Saturday, May 3, 2008

Education or Indoctrination in Oakland?

Oakland's government-run schools don't exactly have a stellar academic reputation. Consider these dreadful statistics:

  • Only 45% of the students graduate from high school.
  • Only 45% of Oakland's 10th graders were able to pass the California High School Exit Exam in math (which tests only up through 8th grade math) and only 48% were able to pass the CAHSEE in English on the first try, more than 15 percentage points below the statewide averages.
  • A mere 3% of Oakland's 11th graders were deemed academically ready for college-level English and only 6% were ready for college-level math on the Cal State "Early Assessment Program" tests.
Sounds to me like the kids in Oakland's government-run schools really need their teachers to focus on academic basics- wouldn't you agree?

So why, then, did more than two dozen of them Thursday shelve their regular curriculum in favor of teaching about:

"topics like the war in Iraq, racial inequality and a recent 10 percent cut in the state schools budget...Teachers from elementary school to adult education classes allowed students to discuss everything from whether the United States was committing acts of violence against innocent people to whether American businesses were getting rich on the backs of the poor"?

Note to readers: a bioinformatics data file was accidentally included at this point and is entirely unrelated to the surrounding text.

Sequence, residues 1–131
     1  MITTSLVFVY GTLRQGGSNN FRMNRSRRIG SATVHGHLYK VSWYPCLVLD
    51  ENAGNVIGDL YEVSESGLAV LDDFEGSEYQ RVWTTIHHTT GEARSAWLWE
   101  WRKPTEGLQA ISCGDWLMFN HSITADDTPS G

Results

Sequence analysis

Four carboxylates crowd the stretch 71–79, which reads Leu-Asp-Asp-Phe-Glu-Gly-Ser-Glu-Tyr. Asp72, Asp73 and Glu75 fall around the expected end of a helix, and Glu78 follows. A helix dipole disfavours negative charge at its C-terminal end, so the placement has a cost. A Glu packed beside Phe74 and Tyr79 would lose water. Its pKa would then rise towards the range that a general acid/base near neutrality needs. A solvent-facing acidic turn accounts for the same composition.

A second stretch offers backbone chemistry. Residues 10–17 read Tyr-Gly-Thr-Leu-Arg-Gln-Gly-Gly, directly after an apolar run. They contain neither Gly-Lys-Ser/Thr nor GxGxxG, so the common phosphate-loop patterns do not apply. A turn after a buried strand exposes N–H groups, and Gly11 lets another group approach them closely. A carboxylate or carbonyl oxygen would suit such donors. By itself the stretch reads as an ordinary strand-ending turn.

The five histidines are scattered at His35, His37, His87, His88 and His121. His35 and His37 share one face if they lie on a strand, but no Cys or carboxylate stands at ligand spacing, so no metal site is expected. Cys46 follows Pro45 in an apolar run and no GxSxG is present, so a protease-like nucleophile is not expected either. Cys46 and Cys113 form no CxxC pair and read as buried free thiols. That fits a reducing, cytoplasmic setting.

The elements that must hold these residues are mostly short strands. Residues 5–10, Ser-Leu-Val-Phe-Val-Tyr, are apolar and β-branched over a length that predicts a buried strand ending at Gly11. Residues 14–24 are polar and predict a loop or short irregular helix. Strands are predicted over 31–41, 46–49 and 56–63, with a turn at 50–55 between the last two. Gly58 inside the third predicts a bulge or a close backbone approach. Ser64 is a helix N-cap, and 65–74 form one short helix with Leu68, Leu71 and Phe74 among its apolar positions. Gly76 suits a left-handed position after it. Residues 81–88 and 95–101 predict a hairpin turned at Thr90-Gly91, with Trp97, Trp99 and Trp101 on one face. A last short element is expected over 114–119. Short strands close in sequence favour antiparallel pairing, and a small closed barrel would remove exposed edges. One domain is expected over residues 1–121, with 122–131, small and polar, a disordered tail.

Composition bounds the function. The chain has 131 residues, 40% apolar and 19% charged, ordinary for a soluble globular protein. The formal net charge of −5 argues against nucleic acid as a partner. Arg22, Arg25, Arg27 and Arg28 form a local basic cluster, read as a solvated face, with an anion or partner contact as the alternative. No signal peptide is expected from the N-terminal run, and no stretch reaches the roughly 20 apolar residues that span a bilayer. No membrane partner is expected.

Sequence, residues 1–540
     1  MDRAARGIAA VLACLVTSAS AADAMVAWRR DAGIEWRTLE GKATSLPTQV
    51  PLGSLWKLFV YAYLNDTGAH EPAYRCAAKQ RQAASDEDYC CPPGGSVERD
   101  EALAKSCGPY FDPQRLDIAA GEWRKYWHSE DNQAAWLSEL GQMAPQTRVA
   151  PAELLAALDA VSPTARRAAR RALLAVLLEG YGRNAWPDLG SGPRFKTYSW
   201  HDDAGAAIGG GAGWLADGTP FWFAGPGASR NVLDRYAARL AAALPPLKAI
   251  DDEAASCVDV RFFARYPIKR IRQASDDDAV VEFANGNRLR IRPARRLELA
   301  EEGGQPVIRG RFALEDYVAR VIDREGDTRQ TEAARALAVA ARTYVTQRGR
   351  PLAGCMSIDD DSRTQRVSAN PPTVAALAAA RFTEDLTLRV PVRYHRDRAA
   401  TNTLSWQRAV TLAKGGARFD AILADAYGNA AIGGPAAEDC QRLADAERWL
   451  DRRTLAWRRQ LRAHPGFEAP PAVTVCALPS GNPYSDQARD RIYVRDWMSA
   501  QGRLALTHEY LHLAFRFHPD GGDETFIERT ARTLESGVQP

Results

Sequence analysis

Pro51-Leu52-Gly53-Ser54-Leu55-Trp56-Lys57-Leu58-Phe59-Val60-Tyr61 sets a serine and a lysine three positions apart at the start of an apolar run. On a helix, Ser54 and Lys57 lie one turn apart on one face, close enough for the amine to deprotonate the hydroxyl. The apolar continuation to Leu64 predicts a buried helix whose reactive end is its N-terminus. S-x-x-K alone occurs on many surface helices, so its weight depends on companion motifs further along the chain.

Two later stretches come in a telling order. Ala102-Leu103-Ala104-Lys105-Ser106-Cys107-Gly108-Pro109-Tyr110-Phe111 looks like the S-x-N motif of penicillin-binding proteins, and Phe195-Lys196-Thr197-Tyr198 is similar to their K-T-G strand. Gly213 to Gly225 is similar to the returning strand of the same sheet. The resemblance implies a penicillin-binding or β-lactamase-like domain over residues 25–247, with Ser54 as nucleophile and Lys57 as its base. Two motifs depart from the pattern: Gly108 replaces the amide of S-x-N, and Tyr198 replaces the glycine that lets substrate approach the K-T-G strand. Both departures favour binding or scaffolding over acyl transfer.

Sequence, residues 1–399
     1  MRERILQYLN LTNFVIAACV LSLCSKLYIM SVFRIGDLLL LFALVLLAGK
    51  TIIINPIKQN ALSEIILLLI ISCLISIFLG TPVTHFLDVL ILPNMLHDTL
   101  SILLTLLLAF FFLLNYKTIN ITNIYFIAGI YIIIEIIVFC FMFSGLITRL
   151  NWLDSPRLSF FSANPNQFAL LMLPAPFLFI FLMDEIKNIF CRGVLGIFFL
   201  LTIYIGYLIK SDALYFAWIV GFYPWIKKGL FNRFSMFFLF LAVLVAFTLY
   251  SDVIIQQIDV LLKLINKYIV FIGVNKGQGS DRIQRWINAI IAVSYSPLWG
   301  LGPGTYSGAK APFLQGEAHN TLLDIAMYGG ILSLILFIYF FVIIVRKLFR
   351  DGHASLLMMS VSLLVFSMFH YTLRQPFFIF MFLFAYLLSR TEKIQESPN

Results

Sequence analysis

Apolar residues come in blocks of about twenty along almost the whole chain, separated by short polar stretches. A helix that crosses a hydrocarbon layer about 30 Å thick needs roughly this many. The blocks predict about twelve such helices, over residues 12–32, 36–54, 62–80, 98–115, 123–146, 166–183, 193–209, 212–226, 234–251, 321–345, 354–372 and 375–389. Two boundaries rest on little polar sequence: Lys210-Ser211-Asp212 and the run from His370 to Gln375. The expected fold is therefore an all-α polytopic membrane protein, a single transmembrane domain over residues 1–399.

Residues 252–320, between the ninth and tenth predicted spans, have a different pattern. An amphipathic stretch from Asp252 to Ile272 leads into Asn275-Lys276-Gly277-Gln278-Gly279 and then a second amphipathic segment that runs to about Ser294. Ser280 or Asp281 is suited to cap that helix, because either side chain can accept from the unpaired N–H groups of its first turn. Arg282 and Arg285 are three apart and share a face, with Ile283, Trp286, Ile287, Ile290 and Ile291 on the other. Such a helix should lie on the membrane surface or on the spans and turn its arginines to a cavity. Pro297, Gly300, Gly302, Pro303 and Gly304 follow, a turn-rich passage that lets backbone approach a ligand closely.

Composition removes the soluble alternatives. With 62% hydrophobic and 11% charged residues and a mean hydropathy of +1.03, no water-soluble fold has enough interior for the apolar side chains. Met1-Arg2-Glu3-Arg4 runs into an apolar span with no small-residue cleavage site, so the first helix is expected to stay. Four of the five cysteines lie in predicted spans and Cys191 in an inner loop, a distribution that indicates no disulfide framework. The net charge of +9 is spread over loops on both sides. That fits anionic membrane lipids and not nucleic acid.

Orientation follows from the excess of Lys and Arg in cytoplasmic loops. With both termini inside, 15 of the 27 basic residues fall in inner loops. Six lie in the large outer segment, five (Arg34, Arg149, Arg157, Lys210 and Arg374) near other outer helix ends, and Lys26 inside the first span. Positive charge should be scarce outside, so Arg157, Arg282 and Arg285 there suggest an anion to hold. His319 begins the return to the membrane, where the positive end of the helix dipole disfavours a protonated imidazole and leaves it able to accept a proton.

I could see touching upon these topics in an Advanced Placement U.S. History, World History, Government, or Economics course, since those students presumably have a solid grounding in the basics and therefore should be able to hold a reasonably intelligent policy discussion.

But it is clear to me that the Oakland students lack the background knowledge to make any sort of reasonable argument and therefore the exercise is nothing but propaganda. Just listen to this quote from a 12th grader attempting to discuss California's proposed budget cuts:

"We don’t have any money because it’s all going to the war. And now they’re shutting all this stuff down."